[Haskell-cafe] Catering for similar operations with and without
dagit at codersbase.com
Wed Jun 17 02:38:26 EDT 2009
On Mon, Jun 15, 2009 at 5:23 PM, Phil <phil at beadling.co.uk> wrote:
> I'm trying to think around a problem which is causing me some difficulty in
> I'm representing a stateful computation using a State Transform - which
> works fine. Problem is in order to add flexibility to my program I want to
> performs the same operation using different techniques - most of which
> require no state.
> My program at the moment is a stack of state monads/transforms. I have a
> random number generator as a state monad (seed=state), feeding a Box Muller
> (normal) generator implemented as a state transform (state is 'maybe'
> normal, so it only spits out 1 normal at a time), which in turn feeds
> another state machine.
> This all works fine, but I want to add flexibility so that I can chop and
> change the Box Muller algorithm with any number of other normal generators.
> Problem is most of them do not need to carry around state at all.
> This leaves me with a messy solution of implementing lots of state monads
> that don't actually have a state, if I want to maintain the current
> This strikes me as really messy - so I'm hoping someone can point me in the
> direction of a more sensible approach?
I'm interested in how you solve this, but I didn't see any replies yet so I
thought I would toss in my thoughts.
> Currently I have my Box Muller implemented as below - this works:
> class NormalClass myType where
> generateNormal :: myType Double
This type class might be at the heart of your difficulties. I think it
requires myType to have kind * -> * and it doesn't specify what the input to
generateNormal should be. I also notice you're not using it later in the
example code which is another warning sign.
> type BoxMullerStateT = StateT (Maybe Double)
> type BoxMullerRandomStateStack = BoxMullerStateT MyRngState
You used 'type' here, but I bet you want 'newtype' with the newtype deriving
feature/extension. Otherwise, this nice neat stack of transformers that you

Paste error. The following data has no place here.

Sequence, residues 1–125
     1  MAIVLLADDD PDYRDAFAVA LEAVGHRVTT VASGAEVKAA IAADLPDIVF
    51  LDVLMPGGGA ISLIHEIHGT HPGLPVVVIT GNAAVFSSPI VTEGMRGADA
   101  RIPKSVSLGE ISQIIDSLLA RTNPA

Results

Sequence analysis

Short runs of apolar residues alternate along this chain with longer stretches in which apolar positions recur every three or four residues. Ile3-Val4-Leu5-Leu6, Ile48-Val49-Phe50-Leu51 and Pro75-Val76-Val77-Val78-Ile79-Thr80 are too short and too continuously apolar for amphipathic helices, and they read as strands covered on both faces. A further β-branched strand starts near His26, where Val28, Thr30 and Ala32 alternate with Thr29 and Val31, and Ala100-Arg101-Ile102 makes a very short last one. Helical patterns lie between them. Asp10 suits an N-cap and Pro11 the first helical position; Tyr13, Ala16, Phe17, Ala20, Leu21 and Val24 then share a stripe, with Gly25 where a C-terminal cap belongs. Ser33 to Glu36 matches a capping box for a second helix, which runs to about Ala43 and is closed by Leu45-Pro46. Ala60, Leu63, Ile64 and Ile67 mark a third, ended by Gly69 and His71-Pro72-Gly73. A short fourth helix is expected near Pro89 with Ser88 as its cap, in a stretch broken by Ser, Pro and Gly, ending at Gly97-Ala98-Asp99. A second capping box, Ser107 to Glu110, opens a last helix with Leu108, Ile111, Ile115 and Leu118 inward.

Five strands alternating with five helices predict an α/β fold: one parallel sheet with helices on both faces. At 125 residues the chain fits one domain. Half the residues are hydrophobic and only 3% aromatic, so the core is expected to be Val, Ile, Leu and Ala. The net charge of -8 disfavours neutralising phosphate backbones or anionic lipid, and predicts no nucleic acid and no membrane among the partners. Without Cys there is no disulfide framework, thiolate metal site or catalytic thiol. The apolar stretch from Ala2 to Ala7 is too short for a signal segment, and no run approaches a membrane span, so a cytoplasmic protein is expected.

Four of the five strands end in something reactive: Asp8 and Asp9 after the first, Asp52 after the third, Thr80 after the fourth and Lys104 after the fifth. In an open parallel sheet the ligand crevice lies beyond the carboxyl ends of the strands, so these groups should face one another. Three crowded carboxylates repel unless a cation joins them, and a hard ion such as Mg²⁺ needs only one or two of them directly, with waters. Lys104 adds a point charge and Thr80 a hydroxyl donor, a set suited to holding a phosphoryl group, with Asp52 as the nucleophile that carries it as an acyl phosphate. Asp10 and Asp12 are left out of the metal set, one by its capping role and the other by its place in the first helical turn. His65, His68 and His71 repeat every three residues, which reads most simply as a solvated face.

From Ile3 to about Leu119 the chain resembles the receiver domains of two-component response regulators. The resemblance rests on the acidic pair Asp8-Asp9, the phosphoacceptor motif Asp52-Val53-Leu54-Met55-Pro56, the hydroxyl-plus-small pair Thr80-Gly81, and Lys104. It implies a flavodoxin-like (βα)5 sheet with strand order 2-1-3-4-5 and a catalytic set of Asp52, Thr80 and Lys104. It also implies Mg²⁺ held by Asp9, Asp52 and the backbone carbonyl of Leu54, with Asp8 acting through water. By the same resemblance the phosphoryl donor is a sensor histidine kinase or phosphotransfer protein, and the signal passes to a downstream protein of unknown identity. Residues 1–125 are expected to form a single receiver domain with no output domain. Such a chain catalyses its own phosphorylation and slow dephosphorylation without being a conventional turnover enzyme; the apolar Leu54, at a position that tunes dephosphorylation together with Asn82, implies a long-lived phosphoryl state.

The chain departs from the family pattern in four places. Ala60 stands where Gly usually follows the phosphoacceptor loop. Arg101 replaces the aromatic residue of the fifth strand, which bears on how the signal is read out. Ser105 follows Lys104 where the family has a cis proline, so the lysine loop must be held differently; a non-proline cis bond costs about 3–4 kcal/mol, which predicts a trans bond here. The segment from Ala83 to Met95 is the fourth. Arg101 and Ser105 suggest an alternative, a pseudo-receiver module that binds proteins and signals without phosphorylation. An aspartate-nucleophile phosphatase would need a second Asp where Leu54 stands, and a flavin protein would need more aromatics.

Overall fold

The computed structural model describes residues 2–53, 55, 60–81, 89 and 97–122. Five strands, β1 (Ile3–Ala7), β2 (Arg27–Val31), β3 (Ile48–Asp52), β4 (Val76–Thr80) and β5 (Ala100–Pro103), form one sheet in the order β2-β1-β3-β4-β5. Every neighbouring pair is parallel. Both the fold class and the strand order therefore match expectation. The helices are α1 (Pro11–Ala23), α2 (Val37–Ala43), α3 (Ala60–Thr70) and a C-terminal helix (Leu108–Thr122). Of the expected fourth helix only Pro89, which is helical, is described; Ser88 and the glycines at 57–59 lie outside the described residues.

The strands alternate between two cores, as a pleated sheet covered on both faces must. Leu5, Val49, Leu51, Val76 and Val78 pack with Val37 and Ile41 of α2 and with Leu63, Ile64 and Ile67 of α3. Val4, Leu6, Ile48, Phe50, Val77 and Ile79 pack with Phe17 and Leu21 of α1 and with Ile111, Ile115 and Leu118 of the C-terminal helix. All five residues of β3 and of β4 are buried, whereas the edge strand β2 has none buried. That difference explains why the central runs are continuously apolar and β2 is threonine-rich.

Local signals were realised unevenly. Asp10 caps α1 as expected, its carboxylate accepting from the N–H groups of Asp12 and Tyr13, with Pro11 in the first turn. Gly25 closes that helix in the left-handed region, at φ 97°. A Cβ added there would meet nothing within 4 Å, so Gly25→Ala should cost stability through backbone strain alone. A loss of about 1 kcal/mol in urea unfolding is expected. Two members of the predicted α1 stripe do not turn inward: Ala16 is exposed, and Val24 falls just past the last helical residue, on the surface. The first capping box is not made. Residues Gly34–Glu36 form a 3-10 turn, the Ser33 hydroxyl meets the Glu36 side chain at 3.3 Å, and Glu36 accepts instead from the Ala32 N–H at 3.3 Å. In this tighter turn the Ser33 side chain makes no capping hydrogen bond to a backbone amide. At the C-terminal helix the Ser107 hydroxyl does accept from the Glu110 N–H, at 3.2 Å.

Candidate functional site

have is fixed to just one instance of NormalClass, but I suspet you may have
multiple ways to generateNormal that use the same stack of transformers.
> instance NormalClass BoxMullerRandomStateStack where
> generateNormal = StateT $ \s -> case s of
> Just d -> return (d,Nothing)
> Nothing -> do qrnBaseList <- nextRand
> let (norm1,norm2) = boxMuller (head
> qrnBaseList) (head $ tail qrnBaseList)
> return (norm1,Just norm2)
> But say I have another instance of my NormalClass that doesn't need to be
> stateful, that is generateNormal() is a pure function. How can I represent
> this without breaking my whole stack?
> I've pretty much backed myself into a corner here as my main() code expects
> to evalStateT on my NormalClass:
> main = do let sumOfPayOffs = evalState normalState (1,[3,5]) -- (ranq1Init
> mcState = execStateT (do replicateM_ iterations mc) 0
> normalState = evalStateT mcState Nothing
If it is useful to define generateNormal, then why don't you use it here?
What if we go back to your NormalClass type class and redesign it?
If we add a parameter to the type class which depends on the way you
implement generateNormal I think we'd be most of the way there. I'm also
going to remove the explicit 'Double', and let that be part of the type of
'myType'. Untested, but I think this is the syntax for using multiparameter
type classes and functional dependencies:
class NormalClass seed myType | myType -> seed where
generateNormal :: seed -> myType
type Seed = ... -- Whatever type the seed has currently
instance NormalClass Seed (Maybe Double) where
generateNormal seed = evalState (StateT $ \s -> case s of
Just d -> return (d,Nothing)
Nothing -> do qrnBaseList <- nextRand
let (norm1,norm2) = boxMuller (head
qrnBaseList) (head $ tail qrnBaseList)
return (norm1,Just norm2)) seed
-- An arbitrary 'pure' example
instance NormalClass () Double where
generateNormal () = 1.0
Ah, now I see a problem with this approach. You'll end up putting a newtype
on the return value of generateNormal just to allow different instances. I
sort of feel like the way things are designed we are assuming we have
subtyping, but Haskell doesn't have that.
> If it wasn't for this I was thinking about implementing the IdentityT
> transformer to provide a more elegant pass-through.
> I've never tried designing my own Monad from scratch but this crossed my
> mind as another possibillity - i.e. a Monad that either has a state of maybe
> double, or has no state at all?
I have a feeling I'd just 'return' the pure computations into the state
monad. My example code above seems weird and heavy weight to me.
I'd love to see what you figure you.
-------------- next part --------------
An HTML attachment was scrubbed...
More information about the Haskell-Cafe